Mesothelioma is a rare form of cancer in which malignant (cancerous) cells are found in the mesothelium, which is a protective sac that covers most of the body’s internal organs. The mesothelium has different names, depending on its location in the body. By way of example, the peritoneum is the mesothelial tissue that covers most of the organs in the abdominal cavity. For the most part, people who develop mesothelioma have worked in industries where asbestos was used heavily.

Mesothelioma (cancer of the mesothelium) is a disease in where cells of the mesothelium become abnormal and divide without control or order. Often times the cells invade and damage nearby tissues and organs. Cancer cells can metastasize (spread) from their original site to other parts of the body causing all types of complications.For the most part mesothelioma starts in the pleura or peritoneum (the tissues that cover most of the organs in the abdominal cavity).

Working with asbestos is the major risk factor for mesothelioma. A history of asbestos exposure at work is reported in about 70 percent to 80 percent of all cases. An increased risk of developing mesothelioma has been found among shipyard workers, people who work in asbestos mines and mills, producers of asbestos products, workers in the heating and construction industries, and other tradespeople.However, mesothelioma has been reported in some individuals without any known exposure to asbestos. Today, the U.S. Occupational Safety and Health Administration (OSHA) sets limits for acceptable levels of asbestos exposure in the workplace. And people who work with asbestos are required to wear personal protective equipment to lower their risk of exposure.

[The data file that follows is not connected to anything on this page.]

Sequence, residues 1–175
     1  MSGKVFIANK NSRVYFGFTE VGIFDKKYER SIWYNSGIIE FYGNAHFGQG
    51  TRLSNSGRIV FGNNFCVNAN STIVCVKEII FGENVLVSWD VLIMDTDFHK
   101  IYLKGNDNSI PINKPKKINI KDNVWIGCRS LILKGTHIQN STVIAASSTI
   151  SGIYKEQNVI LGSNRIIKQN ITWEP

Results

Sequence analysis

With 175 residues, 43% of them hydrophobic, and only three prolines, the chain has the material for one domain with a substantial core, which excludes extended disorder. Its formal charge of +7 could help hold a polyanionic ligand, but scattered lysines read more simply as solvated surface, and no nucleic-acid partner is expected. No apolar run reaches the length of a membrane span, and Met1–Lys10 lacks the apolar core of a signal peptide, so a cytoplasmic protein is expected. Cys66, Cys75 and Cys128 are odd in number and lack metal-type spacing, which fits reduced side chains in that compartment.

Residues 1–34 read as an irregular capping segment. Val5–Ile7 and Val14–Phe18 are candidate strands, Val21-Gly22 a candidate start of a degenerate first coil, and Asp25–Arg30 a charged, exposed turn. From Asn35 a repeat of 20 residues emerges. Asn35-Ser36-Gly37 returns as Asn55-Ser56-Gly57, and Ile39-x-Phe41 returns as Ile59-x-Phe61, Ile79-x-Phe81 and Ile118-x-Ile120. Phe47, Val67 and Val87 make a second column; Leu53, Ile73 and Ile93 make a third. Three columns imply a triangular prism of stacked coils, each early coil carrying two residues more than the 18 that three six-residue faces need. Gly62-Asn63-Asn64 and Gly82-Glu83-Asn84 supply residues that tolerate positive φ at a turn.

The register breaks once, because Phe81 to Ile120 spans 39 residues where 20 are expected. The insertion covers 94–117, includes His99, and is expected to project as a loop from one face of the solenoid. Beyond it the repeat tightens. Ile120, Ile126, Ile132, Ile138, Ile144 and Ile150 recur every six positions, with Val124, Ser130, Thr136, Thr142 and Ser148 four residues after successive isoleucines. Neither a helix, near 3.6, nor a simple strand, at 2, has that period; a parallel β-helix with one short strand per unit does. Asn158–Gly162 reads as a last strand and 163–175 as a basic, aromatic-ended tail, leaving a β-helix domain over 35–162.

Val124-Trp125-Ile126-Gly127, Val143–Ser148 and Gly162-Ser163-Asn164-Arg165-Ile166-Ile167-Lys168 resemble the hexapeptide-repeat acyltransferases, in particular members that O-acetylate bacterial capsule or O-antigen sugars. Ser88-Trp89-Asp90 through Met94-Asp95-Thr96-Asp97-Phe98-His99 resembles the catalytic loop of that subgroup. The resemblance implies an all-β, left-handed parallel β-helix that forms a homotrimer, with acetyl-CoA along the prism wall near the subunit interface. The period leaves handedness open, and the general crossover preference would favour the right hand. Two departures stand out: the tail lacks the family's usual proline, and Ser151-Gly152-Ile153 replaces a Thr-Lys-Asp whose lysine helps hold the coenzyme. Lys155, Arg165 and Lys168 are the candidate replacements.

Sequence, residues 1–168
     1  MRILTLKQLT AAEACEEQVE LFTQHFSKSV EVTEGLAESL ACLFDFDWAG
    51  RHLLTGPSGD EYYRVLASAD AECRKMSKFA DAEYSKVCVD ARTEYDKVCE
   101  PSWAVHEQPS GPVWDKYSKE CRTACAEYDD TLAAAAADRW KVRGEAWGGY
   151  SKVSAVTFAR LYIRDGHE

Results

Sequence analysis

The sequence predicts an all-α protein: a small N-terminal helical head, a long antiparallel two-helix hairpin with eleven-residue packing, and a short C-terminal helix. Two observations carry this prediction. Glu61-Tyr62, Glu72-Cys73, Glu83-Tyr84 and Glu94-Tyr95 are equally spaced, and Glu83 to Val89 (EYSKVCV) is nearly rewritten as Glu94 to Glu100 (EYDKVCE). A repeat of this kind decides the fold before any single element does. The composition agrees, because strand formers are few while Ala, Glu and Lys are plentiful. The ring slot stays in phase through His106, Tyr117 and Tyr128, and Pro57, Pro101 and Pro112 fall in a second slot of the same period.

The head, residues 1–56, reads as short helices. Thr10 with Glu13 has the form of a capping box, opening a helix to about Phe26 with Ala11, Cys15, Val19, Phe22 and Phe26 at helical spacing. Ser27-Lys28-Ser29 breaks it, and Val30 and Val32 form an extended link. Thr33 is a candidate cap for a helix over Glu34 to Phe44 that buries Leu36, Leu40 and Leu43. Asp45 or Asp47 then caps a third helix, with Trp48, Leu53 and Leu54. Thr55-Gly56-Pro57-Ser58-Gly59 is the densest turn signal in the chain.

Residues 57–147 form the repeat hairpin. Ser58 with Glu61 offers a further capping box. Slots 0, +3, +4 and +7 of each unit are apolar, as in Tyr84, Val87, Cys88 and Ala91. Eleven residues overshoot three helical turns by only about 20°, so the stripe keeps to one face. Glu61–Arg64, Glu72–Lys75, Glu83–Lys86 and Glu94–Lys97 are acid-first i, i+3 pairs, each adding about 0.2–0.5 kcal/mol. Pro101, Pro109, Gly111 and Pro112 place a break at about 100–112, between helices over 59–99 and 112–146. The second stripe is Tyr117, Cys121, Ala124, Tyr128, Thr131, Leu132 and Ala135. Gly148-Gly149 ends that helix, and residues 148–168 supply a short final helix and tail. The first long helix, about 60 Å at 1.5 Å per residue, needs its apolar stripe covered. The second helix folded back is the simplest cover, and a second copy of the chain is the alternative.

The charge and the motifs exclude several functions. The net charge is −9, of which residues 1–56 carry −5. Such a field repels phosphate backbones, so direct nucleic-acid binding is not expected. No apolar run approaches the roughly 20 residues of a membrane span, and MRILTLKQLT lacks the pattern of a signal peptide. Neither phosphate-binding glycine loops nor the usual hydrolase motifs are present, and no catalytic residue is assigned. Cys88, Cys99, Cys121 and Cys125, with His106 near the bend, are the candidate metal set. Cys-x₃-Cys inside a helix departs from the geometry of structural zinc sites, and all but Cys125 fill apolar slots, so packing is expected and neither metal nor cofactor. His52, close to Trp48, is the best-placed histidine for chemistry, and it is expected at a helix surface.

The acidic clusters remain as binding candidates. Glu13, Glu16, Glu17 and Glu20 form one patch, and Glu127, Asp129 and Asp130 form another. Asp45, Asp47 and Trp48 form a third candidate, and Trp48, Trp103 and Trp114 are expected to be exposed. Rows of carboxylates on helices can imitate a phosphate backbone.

Symptoms of mesothelioma may not appear until 30 to 50 years after exposure to asbestos. The symptoms can include shortness of breath and pain in the chest due to an accumulation of fluid in the pleura. Symptoms of peritoneal mesothelioma can include weight loss and abdominal pain and swelling due to a buildup of fluid in the abdomen. Other symptoms of peritoneal mesothelioma may include bowel obstruction, blood clotting abnormalities, anemia, and fever. If the cancerous cells have spread beyond the mesothelium to other parts of the body, symptoms may include pain, trouble swallowing, or swelling of the neck or face.

Diagnosing mesothelioma is often difficult, due to the fact that the symptoms are similar to those of a number of other conditions. The process begins with a review of the patient’s medical history, including any history of asbestos exposure. A complete physical examination may be performed, including x-rays of the chest or abdomen and lung function tests. The doctor may also want to conduct a CT scan or MRI. To confirm a diagnosis of mesothelioma, a biopsy is needed. If the diagnosis is confirmed, your doctor will want to determine the stage (or extent) of the disease.
Treating mesothelioma depends on the location of the cancer, the stage of the disease, and the patient’s age and general health. Standard treatment options include surgery, radiation therapy, and chemotherapy. Sometimes, these treatments are combined.

If you have been diagnosed with mesothelioma, you may be eligible to file a claim or lawsuit against the companies responsible for your exposure and illness. At Sutliff & Stout, PLLC, we will help you research and investigate your claims, and lawyers will represent you throughout every phase of litigation and trial.

To find out more about Mesothelioma please visit:

American Lung Association
National Cancer Institute
The American Cancer Society